Spring safety tips
As the weather warms up, children will want to be spending more time outside. These tips from our doctors can help your family have a safe, injury-free spring.
Driving all-terrain vehicles (ATVs) can be a fun way to spend time with family and friends, but the fun can turn into a tragedy very quickly. Never operate an ATV with more than one person on board and wear proper safety gear: helmets, goggles, long pants and shirts, gloves, and boots. The American Academy of Pediatrics recommends that children under age 16 should not operate ATVs.
Spring cleaning safety
Spring means it’s time for spring cleaning. Leave toxic chemicals in their original containers and keep them out of reach or locked away from children. Also, choose nontoxic products for your spring cleaning. For example, vinegar and water is an inexpensive and effective window-cleaning solution.
Car seat safety
More than 70 percent of car seats are incorrectly used. Read the label instruction manual to make sure the seat is installed securely and to verify your child is in the correct seat. Clean car seats of sticky snacks, crumbs, and drinks that can interfere with the crotch buckle and chest clip.
If your child wants to help with yard cleanup, provide them with tools designated for children like small plastic rakes or a child’s shovel or broom. While using lawn mowers, children must not be allowed to ride as passengers or be towed in carts or trailers. Do not permit children to play on or around the mower in use or storage. Check the outside area for sharp objects, poisonous plants, tripping hazards, and any standing water—a young child can drown in only one inch of water.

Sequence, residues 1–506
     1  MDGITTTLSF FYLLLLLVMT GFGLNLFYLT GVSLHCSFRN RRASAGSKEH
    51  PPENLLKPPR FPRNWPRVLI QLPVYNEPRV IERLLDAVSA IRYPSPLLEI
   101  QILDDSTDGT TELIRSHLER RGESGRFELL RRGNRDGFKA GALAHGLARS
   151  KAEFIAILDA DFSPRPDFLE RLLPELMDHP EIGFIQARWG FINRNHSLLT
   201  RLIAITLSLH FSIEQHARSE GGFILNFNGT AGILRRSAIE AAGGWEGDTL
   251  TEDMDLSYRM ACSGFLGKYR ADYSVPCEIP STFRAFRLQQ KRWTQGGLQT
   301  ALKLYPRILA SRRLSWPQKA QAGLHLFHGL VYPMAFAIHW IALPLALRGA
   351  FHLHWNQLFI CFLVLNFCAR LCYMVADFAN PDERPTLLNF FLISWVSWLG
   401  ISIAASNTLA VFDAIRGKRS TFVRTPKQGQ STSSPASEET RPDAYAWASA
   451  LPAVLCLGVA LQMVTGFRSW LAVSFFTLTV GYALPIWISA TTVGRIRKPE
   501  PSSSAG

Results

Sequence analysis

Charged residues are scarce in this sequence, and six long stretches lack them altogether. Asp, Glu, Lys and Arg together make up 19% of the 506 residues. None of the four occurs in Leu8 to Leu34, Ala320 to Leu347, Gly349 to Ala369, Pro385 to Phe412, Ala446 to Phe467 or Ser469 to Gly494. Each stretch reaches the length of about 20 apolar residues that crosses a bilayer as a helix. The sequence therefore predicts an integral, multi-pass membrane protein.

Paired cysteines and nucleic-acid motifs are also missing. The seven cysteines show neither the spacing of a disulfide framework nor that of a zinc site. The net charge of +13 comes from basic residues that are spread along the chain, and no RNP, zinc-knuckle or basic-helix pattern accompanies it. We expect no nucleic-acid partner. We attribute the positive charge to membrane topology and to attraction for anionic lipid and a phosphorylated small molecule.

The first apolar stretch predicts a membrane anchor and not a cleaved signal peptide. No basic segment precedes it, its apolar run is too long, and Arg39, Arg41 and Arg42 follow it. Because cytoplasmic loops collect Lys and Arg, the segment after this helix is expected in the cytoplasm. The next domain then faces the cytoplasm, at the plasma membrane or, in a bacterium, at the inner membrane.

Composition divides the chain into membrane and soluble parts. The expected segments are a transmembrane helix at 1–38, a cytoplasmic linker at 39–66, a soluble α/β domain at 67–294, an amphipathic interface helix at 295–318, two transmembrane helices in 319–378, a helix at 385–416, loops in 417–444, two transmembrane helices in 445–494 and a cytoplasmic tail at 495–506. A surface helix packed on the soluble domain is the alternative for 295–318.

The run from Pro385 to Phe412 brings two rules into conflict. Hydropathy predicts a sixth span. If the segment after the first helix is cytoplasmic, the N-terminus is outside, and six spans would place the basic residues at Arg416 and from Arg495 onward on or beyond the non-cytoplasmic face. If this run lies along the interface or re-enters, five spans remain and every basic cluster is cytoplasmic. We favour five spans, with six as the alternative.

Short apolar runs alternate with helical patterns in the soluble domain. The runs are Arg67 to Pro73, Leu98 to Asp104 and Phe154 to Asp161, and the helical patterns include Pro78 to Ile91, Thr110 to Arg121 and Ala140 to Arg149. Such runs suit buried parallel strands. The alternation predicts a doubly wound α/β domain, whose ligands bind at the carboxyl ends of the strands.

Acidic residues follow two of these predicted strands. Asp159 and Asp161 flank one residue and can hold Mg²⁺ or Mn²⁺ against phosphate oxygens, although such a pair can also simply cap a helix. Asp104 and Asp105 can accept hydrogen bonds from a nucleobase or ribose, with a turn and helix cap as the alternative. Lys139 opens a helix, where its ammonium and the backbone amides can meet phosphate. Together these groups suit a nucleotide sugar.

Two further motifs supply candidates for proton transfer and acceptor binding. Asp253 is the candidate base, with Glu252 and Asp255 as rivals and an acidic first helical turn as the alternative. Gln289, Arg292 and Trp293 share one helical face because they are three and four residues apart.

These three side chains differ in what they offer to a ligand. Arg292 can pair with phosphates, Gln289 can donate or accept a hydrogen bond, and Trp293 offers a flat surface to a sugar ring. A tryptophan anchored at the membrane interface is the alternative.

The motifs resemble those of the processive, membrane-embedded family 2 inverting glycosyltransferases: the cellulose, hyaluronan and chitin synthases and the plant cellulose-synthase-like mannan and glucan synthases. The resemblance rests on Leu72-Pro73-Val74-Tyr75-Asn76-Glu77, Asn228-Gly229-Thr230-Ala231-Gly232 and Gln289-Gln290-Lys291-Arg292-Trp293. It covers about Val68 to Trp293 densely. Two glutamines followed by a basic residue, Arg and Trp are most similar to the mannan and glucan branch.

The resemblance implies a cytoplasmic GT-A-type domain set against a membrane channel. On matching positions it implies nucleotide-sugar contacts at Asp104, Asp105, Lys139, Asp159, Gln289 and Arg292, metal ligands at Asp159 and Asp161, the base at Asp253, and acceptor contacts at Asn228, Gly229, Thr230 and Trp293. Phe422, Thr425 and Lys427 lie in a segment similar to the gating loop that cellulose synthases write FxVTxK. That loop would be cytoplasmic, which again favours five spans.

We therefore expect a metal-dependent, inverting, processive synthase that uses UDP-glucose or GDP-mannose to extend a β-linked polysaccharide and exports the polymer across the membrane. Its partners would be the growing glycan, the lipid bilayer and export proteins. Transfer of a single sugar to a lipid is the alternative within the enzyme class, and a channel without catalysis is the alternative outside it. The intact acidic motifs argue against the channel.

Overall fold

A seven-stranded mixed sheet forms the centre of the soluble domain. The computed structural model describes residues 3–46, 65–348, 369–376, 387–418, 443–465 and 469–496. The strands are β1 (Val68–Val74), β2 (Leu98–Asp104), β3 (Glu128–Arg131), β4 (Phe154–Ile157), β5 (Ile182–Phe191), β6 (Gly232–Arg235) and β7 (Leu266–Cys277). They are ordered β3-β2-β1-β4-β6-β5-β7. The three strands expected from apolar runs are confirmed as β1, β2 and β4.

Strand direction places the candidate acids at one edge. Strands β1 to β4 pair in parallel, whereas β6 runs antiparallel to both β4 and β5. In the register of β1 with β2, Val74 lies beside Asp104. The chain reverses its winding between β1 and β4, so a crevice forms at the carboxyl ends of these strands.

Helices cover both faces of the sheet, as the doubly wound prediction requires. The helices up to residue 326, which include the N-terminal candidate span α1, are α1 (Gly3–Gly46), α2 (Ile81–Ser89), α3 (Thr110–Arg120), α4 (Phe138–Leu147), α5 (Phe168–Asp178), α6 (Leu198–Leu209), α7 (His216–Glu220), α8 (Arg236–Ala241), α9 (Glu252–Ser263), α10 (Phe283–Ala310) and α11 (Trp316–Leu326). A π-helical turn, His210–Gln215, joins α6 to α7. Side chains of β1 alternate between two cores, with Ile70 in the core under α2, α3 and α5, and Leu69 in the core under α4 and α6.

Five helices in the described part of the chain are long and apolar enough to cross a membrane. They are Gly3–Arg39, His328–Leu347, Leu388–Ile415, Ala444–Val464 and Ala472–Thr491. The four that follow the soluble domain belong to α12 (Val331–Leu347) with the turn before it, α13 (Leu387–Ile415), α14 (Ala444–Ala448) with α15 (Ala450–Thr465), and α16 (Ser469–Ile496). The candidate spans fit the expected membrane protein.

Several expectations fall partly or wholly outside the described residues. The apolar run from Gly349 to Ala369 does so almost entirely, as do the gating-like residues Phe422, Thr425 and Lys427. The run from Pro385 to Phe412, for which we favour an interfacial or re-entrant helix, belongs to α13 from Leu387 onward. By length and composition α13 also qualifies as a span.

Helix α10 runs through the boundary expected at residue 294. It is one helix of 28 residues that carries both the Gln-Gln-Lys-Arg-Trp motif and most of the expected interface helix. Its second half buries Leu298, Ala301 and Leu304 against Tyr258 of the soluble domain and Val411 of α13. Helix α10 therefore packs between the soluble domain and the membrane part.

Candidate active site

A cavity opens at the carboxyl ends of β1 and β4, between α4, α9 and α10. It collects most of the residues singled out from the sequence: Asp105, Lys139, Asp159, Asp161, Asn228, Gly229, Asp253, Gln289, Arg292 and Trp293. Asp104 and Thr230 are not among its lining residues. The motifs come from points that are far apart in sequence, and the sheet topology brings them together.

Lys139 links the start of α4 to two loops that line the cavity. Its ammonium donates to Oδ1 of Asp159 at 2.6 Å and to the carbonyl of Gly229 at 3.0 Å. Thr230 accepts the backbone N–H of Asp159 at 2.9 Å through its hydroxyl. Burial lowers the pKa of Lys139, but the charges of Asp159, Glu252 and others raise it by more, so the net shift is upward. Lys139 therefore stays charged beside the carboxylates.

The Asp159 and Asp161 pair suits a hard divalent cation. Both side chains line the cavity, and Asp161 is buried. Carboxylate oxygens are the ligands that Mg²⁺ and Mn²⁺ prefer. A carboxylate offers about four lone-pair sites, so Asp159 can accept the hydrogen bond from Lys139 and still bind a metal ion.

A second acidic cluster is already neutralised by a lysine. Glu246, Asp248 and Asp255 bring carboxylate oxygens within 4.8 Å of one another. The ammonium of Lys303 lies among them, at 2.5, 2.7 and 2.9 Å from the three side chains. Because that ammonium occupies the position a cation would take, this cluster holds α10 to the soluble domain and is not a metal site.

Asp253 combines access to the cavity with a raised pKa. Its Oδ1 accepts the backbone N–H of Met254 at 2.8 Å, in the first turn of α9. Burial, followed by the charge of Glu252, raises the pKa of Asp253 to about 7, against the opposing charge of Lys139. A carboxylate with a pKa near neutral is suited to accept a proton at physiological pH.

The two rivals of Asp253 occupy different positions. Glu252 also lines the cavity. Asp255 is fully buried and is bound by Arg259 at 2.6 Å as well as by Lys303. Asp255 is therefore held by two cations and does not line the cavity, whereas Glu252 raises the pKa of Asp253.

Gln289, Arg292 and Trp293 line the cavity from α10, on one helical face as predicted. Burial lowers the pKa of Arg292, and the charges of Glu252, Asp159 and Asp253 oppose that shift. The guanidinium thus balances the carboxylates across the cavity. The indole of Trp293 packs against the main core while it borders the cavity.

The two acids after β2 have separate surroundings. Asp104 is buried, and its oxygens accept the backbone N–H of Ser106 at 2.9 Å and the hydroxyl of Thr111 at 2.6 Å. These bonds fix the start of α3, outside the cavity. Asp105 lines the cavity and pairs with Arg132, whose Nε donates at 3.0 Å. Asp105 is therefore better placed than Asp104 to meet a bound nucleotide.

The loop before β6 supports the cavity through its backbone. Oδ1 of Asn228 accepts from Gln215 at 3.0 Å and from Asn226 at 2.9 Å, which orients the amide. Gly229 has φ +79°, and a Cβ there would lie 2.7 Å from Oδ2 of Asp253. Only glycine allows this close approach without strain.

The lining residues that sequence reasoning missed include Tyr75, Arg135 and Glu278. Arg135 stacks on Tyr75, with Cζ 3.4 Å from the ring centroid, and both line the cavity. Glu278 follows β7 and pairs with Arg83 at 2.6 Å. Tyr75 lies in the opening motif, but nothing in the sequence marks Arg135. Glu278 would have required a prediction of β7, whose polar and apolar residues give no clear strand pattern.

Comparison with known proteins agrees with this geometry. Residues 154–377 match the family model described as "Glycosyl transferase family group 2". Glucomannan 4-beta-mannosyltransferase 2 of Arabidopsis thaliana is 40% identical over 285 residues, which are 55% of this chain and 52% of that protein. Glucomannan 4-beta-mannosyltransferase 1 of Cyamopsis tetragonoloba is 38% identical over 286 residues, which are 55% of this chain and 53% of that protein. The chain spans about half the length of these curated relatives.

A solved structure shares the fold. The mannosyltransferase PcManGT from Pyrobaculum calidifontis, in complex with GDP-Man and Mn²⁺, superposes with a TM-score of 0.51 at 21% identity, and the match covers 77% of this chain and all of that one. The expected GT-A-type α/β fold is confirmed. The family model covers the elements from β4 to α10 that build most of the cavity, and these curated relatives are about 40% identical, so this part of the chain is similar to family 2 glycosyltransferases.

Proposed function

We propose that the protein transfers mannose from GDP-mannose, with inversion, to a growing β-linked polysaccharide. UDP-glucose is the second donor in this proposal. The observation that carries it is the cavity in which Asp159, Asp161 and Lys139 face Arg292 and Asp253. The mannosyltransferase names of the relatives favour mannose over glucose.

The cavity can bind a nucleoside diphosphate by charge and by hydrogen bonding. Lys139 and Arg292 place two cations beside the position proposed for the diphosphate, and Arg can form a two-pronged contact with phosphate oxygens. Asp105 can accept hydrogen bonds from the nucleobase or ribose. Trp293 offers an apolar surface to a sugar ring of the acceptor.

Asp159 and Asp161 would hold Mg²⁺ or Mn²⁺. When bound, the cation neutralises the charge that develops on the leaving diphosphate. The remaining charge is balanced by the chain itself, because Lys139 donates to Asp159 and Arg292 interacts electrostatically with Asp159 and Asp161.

Now that the snow has melted, it’s time to pull the bikes out of the garage. There should be one to three inches of space between you when you stand on your foot pedals and the top bar of your bike. Check and oil the chain and the brakes of your bike regularly. Always wear a helmet, and replace it every three to five years or after a major impact. Wrist guards, elbow pads, and knee pads will help prevent sprains and scrapes due to falling.
Now that it’s warmer outside, your child may wish to play on the backyard or your local park’s playground equipment. Teach your child playground safety rules like waiting their turn, going down the slide feet first, holding onto railings, and sitting down on swings or slides to prevent injuries. Before your child uses the playground, touch the play structures to check for hot surfaces that may cause burn injuries. Remove helmets, scarves, drawstrings, and other loose items that may be choking hazards.
Spring is in the air, and so are allergies, which can cause your child to have a clear runny or stuffy nose, itchy and watery eyes, and a cough, especially when he or she has spent a lot of time outside. Keeping your windows closed and running the air conditioner can help reduce pollen counts indoors and make breathing a little easier.
Insect repellents safety
Spring means bugs like mosquitoes, gnats, chiggers, and flies that can bite, making your child uncomfortable. To prevent bug bites, apply child-safe insect repellent, but avoid the child’s hands, eyes, and cut or irritated skin. After returning indoors, wash your child’s treated skin. According to the U.S. Food and Drug Administration, insect repellent containing DEET should not be used on children under 2 months, and oil of lemon eucalyptus projects should not be used on children under age 3.